Philadelphia, meanwhile, had a more diverse base of manufacturing (and, for that matter, still does). We had textiles and the Navy shipyard and even machine-making manufacturers and while most of that stuff is gone today, it disappeared in stages, meaning Philadelphia has never taken the roundhouse knockout blow Detroit has during the last decade.
And S&P? Part of the reason it upgraded the citys bonds is because of the diversity of rising economic sectors here, including health care, higher education, and services. We arent perfect, but were diverse, and thats made us better able to weather the really bad times.
Were growing. Thanks to births and an influx of international migration, Philadelphias population has grown six years in a row. Detroit, meanwhile, saw its population decline from 1.8 million in 1950 to barely a third of that today. And that makes a difference: When youre trying to run a city built for three times as many people as it actually holds, finding the money to maintain services can be difficult, if not impossible.
Philadelphias population also peaked in 1950, and did decline for most of the decades thereafter. But never at the same rate as Detroit just (!!) a quarter of the population, not two-thirds not even close. It makes a huge difference, sustainability-wise.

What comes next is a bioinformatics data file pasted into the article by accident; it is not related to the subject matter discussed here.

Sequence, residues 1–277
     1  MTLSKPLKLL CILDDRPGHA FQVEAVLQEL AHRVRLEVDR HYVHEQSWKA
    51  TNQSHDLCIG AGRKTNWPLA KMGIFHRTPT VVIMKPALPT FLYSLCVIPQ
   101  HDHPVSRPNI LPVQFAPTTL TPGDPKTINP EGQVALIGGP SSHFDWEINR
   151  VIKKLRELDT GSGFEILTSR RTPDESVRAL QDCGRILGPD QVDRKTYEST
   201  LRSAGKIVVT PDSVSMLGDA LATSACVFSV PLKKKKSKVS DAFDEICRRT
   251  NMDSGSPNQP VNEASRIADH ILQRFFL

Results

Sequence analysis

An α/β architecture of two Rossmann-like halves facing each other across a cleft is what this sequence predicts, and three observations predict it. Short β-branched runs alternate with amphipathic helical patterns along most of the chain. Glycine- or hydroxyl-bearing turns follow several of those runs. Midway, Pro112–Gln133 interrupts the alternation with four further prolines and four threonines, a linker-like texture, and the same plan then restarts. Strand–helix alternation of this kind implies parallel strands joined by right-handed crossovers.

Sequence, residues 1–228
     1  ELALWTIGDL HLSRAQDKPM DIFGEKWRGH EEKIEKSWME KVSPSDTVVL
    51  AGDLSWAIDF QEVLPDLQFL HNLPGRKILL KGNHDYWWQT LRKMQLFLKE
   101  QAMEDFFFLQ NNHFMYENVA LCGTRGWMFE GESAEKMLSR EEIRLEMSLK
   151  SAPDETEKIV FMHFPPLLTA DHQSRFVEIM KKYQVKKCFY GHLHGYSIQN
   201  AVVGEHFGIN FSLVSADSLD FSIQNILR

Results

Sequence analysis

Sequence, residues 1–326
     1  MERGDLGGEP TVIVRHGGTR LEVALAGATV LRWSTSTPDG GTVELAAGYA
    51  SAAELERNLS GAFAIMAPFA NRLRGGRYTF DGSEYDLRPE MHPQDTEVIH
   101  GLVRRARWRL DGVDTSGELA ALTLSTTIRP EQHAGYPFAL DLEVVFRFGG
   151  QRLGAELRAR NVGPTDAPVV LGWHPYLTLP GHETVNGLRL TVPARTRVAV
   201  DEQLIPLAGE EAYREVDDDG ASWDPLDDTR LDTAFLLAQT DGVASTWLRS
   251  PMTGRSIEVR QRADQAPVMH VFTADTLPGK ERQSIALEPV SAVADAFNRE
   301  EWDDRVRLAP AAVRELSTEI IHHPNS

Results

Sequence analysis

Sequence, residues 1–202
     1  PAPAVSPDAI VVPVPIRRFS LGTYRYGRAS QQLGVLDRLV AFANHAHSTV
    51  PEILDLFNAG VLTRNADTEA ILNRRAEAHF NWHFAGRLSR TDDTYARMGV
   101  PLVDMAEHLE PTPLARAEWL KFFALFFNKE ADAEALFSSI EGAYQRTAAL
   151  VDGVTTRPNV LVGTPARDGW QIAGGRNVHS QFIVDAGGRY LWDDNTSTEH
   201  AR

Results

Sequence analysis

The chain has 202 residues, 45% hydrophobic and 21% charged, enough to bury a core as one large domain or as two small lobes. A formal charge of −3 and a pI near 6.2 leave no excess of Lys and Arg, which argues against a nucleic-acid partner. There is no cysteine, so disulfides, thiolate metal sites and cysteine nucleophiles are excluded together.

Were living in a bigger ecosystem. Detroit is situated within 100 miles of just two other major cities Toledo (which maybe doesnt count) and Cleveland (which does, jokes aside). Meanwhile Philadelphia counts four major cities in that proximity Newark, Jersey City, New York, and Baltimorewith Washington D.C. just 123 miles away.
It makes a difference. Go down to 30th Street Station any weekday morning, and youll find hundreds of Philadelphians waiting to get on a train to New York. They live here and work there, and yes, that means Philadelphia is something of a bedroom community were cheaper than Manhattan! but it also means were not as isolated from, say, New Yorks relative economic success. Its a cushion, and inter-city rivalries aside, we should embrace it.
Weve got our problems. The murder rate is unacceptable in Philadelphia, the schools must be fixed, and the pension crisis isnt going away. But by dint of a number of factors some of them, admittedly, involving luck this city isnt in nearly as dire a situation as Detroit. Dont let anybody tell you otherwise.
Read the above article as opposed to this:
5th Largest City in US is Effectively Bankrupt
You know a city is in deep trouble when its mayor invites Wall Street but not the press and not private citizens to a closed meeting to discuss the future, including a sell-off of city assets.